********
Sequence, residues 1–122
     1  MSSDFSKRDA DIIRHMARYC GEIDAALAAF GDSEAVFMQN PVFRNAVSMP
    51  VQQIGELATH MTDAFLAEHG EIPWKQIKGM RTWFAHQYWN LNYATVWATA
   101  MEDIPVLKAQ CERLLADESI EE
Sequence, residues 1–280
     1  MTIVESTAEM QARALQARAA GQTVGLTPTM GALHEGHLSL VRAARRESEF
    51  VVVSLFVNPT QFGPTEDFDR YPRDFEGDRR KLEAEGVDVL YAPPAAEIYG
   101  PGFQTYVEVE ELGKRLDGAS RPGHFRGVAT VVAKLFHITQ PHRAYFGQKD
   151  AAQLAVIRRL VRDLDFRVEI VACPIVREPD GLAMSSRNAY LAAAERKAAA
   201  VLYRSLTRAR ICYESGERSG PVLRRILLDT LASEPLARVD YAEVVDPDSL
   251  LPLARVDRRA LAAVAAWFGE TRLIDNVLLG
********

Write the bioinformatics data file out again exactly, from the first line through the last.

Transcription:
Sequence, residues 1–122
     1  MSSDFSKRDA DIIRHMARYC GEIDAALAAF GDSEAVFMQN PVFRNAVSMP
    51  VQQIGELATH MTDAFLAEHG EIPWKQIKGM RTWFAHQYWN LNYATVWATA
   101  MEDIPVLKAQ CERLLADESI EE
Sequence, residues 1–280
     1  MTIVESTAEM QARALQARAA GQTVGLTPTM GALHEGHLSL VRAARRESEF
    51  VVVSLFVNPT QFGPTEDFDR YPRDFEGDRR KLEAEGVDVL YAPPAAEIYG
   101  PGFQTYVEVE ELGKRLDGAS RPGHFRGVAT VVAKLFHITQ PHRAYFGQKD
   151  AAQLAVIRRL VRDLDFRVEI VACPIVREPD GLAMSSRNAY LAAAERKAAA
   201  VLYRSLTRAR ICYESGERSG PVLRRILLDT LASEPLARVD YAEVVDPDSL
   251  LPLARVDRRA LAAVAAWFGE TRLIDNVLLG